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Why does applying a policy route-map on a VRF interface fail?

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TitleWhy does applying a policy route-map on a VRF interface fail?
The router does not allow applying a route-map to an interface if it is a part of a non-default VRF.

Here is a sample configuration and an attempt to apply a route-map to VE 150, which is configured under VRF Test.

access-list 70 sequence 10 permit
route-map PVLAN permit 10
match ip address 70
set ip next-hop
vlan 550 name PVLAN
tagged e 3/3
router-interface ve 150
interface ve 150
ip vrf forwarding VRF_Test
ip address
ip vrrp-extended vrid 150
backup priority 110
advertise backup
SSH@MLX_02(config-vif-150)# ip policy route-map PVLAN

Error: PBR policy is not supported on VRF interfaces
Currently the software supports Policy Based Routing only on the interfaces under the default routing instance (Default VRF). It cannot be applied on a VRF interface - it will display the following error:

Error: PBR policy is not supported on VRF interfaces

Other PBR considerations:

1. PBR can be defined and applied either Globally or per interface. If Global and interface PBR both are applied, then interface takes precedence over a global PBR policy.
2. You cannot apply PBR on a port if that port already has inbound ACLs, inbound ACL-based rate limiting, or TOS-based QoS.
3. PBR Route-map cannot be applied on the VPLS, VLL or VLL-Local endpoints.
4. PBR policies are not supported on the Layer-3 VPNs.
5. The number of route maps that you can define is limited by the system memory.

When a route map is used in a PBR policy, the PBR policy uses up to 200 instances of a Layer 3 route map, up to 5 ACLs in a matching policy of each route map instance.
The following two conditions can cause more than 200 Layer 3 route-map instances to be used.
  1. If one or more of first 200 instances have deny clause.
  2. If the access-list used in the first 200 instances is not configured.
    • ACLs with the log option configured should not be used for PBR purposes.
    • PBRignoresimplicitdenyipanyanyACLentries,toensurethatforroutemapsthat use multiple ACLs, the traffic is compared to all the ACLs. However, if an explicit deny ip any any is configured, traffic matching this clause will be routed normallyusing Layer 3 paths and will not be compared to any ACL clauses that follow this clause.
    • PBR always selects the first next hop from the next hop list that is up. If a PBR policy's next hop goes down, the policy uses another next hop if available. If no next hops are available, the device routes the traffic in the normal way.
    • Any changes to route maps or ACL definitions will be effective immediately for the interfaces where the PBR route map is applied. There is no need to rebind. However, rebinding is required if a change is made to an IPv6 ACL.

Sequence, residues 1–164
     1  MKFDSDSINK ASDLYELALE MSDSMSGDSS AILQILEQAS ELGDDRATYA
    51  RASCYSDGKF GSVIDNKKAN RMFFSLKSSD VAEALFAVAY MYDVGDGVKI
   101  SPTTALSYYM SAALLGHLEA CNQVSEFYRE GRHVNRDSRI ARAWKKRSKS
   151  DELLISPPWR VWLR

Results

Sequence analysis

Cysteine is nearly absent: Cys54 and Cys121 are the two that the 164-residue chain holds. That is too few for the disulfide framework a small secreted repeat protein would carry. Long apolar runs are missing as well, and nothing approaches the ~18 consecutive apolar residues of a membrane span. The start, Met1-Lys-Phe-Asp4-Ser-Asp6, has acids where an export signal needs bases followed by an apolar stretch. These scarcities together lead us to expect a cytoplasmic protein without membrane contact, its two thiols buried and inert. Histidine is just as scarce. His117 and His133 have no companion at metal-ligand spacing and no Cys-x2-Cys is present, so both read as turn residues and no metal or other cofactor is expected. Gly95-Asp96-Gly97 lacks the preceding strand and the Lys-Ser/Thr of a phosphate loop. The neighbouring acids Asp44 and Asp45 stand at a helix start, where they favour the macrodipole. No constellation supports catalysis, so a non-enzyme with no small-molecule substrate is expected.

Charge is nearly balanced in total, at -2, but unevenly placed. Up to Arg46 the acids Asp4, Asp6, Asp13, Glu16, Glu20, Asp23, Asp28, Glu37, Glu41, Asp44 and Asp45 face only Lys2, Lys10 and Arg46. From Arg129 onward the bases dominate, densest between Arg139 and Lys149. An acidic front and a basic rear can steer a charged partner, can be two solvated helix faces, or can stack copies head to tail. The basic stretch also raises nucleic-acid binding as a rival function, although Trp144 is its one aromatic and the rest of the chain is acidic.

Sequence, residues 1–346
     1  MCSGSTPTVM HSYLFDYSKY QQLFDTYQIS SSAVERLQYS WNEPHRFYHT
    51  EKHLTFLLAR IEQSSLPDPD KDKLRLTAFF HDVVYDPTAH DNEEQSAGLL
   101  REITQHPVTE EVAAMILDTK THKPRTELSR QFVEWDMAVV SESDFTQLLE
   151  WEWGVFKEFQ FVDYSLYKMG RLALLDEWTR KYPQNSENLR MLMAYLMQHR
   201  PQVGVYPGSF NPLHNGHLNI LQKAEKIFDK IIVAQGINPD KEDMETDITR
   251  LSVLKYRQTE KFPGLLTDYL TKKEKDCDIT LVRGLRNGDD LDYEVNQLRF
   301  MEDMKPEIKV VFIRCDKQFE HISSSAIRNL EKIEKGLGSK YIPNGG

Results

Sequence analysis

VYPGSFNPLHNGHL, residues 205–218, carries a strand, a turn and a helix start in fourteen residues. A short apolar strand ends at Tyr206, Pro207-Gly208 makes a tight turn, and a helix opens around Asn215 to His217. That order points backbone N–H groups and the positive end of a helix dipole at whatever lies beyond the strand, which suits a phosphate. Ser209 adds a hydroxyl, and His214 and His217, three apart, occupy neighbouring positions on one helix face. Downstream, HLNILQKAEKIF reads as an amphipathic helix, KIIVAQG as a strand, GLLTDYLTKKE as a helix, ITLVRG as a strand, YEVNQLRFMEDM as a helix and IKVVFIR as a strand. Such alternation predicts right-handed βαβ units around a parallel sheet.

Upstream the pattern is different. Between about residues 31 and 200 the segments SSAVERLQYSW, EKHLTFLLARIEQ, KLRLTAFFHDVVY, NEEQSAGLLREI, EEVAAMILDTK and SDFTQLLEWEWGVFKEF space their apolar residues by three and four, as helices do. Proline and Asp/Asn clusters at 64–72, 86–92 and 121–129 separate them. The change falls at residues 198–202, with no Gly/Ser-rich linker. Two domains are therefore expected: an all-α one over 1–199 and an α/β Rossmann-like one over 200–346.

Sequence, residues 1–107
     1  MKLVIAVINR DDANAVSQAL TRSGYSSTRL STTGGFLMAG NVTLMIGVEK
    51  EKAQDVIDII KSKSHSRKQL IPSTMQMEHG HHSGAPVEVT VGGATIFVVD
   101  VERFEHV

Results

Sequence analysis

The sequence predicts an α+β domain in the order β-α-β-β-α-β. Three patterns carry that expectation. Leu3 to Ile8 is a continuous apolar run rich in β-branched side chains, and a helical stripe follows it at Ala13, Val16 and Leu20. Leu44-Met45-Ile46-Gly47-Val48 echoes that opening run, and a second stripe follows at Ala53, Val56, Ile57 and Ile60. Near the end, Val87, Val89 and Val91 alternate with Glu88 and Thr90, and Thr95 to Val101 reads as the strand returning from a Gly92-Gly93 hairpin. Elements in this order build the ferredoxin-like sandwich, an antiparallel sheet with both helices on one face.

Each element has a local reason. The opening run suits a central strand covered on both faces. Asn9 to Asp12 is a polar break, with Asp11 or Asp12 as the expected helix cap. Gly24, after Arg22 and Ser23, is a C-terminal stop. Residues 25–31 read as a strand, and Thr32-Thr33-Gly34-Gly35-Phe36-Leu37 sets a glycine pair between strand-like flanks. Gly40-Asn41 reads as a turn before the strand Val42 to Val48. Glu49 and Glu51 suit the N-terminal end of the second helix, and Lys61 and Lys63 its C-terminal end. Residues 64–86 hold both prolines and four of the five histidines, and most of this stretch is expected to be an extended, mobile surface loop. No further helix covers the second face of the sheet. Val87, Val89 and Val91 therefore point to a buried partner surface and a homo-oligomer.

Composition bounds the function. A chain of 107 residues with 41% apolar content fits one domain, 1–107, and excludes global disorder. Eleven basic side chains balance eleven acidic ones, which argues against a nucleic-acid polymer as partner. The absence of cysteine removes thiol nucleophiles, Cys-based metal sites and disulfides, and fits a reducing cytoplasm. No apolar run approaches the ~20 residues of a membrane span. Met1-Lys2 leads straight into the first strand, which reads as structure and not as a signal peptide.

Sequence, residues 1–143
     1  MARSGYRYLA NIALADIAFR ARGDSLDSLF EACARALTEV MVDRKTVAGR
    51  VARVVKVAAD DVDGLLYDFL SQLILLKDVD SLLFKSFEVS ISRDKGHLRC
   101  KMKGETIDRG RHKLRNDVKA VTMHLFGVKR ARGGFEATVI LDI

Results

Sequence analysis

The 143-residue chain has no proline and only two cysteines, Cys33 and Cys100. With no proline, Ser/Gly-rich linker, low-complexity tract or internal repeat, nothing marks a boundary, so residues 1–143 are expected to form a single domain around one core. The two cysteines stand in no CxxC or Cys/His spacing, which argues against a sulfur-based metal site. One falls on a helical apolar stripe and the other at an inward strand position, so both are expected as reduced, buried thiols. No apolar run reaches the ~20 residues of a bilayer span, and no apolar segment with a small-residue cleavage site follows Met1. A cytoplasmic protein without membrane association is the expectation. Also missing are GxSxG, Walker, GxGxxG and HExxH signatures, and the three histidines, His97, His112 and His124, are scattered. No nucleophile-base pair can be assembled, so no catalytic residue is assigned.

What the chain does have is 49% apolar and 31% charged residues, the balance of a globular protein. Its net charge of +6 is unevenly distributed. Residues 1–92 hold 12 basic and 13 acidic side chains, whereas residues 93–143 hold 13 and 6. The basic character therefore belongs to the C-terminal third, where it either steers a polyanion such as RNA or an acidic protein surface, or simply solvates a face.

• If a PBR policy is applied globally, inbound ACLs, inbound ACL-based rate-limiting or TOS-based QoS cannot be applied to any port on the device.
    • If an IPv4 option packet matches a deny ACL filter with the option keyword, the packet will be forwarded based on Layer-3 destination. If the ignore-options command is configured on the incoming physical port, the packet will be forwarded based on its Layer-3 destination in hardware, otherwise the packet will be sent to the CPU for software forwarding.
    • If an IPv4 option packet matches a permit ACL filter with the option keyword, it is hardware-forwarded based on its PBR next-hop (if available). If no PBR next-hop is available, the packet is either software or hardware-forwarded (depending on whether ignore-options is configured), based on an IP forwarding decision.
    • Policy Based Routing (PBR) currently does not support the IPv4 and IPv6 features for changing the MTU.
    • Where the next hop is a GRE tunnel:
      • Packets that are larger than the tunnels MTU are subject to IP fragmentation and PBR processing of the fragmented packets.
      • For route changes of the tunnel destination, the appropriate information is automatically propagated to the PBR feature. Depending on the configuration of the route map, a route change can change the active next hop of the PBR if it leads to the active next hop going down which triggers a new next hop selection process.
    • PBR route-map cannot be applied on VPLS, VLL, or VLL-Local endpoints and vice-versa.
    • PBR policies are not supported on Layer-3 VPNs.
    • In a PBR route-map definition, if even one route-map instance contains a "set next-hop-flood-vlan" statement, all instances of that route-map will apply to both routed and switched traffic.
    • Flooding traffic to a POS interface is not allowed. It can only be flooded to Ethernet ports on the VLAN, including the default VLAN.
    • When an incoming port is POS then the SA of the outgoing flooded packets will be 0.
    • IPv6 PBR to flood VLAN is not supported for switched traffic for the Brocade NetIron CES Series and Brocade NetIron CER Series.
Additional notes



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